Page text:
Quest has launched a flavour prediction and design method that it claims could transform the flavour development process.
The company said that its LISA method allows it to predict consumer preferences with unprecedented detail - by region, age and gender for example - across the globe.
"The desired result, for food manufacturers, is more efficient and thorough NPD processes that, thanks to the flavours better satisfying consumer preferences, will help increase brand loyalty and market share," said Quest Flavours group vice president Cees de Jong.
"Were excited about the possibilities and the initial customer feedback has been extremely encouraging."
If this new method works as effectively as Quest claims it does, it could be of significant help to food manufacturers. Taste is a key driver in the €3.2 trillion global food industry and a greater understanding of the consumer preferences could lead to strong market advantages.
In addition, competition in the $10.4 billion global flavour and fragrance sector is rapidly increasing.
What sets the LISA (Linking flavour Ingredients and Sensory data to Acceptance) method apart, according to the firm, is the fact that it combines data on the flavour components that determine consumer liking with data on sensory attributes such as creaminess, juiciness, ripeness or sweetness and on consumer preferences.
"It is the added insight that makes it feasible to thoroughly predict and optimise local flavour preferences in various consumer groups worldwide," said Jong.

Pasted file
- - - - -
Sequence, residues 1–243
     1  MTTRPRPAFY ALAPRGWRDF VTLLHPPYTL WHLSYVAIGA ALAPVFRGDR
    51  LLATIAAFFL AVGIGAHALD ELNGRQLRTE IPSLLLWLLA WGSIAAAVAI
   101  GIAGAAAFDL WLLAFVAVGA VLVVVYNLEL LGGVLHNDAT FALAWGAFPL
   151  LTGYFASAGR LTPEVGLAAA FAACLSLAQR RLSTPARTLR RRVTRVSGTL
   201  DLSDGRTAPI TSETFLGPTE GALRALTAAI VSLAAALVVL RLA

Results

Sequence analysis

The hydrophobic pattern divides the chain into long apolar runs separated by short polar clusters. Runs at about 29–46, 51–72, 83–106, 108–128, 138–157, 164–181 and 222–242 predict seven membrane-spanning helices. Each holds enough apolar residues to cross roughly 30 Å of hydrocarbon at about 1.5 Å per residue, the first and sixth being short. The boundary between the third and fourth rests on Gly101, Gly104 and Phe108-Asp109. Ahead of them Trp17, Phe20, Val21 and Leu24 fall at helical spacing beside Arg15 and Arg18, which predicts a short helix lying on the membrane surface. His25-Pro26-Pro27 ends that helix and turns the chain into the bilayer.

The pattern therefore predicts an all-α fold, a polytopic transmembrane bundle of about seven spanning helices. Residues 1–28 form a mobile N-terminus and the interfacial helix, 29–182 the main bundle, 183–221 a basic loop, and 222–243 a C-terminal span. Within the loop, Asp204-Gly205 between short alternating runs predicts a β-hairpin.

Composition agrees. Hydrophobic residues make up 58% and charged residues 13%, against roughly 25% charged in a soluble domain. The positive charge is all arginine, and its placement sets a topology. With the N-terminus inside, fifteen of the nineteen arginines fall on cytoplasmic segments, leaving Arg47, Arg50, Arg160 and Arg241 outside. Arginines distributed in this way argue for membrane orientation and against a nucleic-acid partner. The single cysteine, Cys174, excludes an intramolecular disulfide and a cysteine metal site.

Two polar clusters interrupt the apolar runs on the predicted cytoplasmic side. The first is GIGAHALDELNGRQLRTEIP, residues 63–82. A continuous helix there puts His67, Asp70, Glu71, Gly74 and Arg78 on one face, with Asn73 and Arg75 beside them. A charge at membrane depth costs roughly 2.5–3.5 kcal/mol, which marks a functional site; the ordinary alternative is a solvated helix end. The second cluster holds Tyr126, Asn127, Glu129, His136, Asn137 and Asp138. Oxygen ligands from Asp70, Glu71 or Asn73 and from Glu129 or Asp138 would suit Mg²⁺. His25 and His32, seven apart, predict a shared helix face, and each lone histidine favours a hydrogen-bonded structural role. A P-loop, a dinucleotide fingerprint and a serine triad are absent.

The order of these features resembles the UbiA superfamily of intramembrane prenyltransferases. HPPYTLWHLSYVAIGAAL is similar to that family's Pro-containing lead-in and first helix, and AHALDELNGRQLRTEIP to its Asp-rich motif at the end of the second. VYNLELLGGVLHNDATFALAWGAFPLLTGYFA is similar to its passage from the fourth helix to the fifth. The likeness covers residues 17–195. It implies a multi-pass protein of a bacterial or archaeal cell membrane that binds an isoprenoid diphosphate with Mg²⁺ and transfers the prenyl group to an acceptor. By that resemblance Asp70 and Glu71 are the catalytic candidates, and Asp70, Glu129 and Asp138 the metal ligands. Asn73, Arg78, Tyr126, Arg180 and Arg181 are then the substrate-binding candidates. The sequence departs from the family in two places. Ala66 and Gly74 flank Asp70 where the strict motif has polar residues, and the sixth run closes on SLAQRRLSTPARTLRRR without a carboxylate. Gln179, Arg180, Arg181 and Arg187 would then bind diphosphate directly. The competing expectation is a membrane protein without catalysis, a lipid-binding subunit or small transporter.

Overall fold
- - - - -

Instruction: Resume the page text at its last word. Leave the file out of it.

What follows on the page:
For instance, the method can predict that a male in France will prefer a juicy, slightly peel-like orange, while their counterpart in India will prefer a sweet, slightly mandarin-type orange.
Alternatively, Brazilian females between 25 to 35 who are heavy users of orange juice like juicy, green oranges. Brazilians under-16 who are heavy users of orange carbonate on the other hand prefer candy, floral, sweet oranges.
"The LISA methodology allows us to predict optimal flavour formulations for specific groups of consumers, based on quantitative research with consumers and sensory panel research," said Tom De Block, Quests consumer understanding systems manager.
"Based on a customer brief, we can use LISA to determine how the presence of different amounts of certain flavour components positively or negatively influence flavour acceptance. In other words, we can accurately predict the flavour components that drive liking and those that have the opposite effect."
Quest said that it plans to develop LISA into a database of all major global flavour icons and their preference drivers, establishing a reference source for flavour professionals. New customer briefs will be treated on a case-by-case basis.
LISA was first developed as a prototype by Quest in 2001. Originally, it was a research programme funded centrally by the pioneering scientific innovation platform of parent company ICI.
The global launch of the LISA model marks the culmination of a year of investment and growth for Quest. The investment has included new technical facilities in Asia-Pacific and the expansion of core flavour innovations, such as its ImpaQ Taste Technology and the QPEARL flavour delivery systems.
Quest, a flavours and fragrances company, is part of the ICI group. It operates in over 30 countries and employs 3,400 people.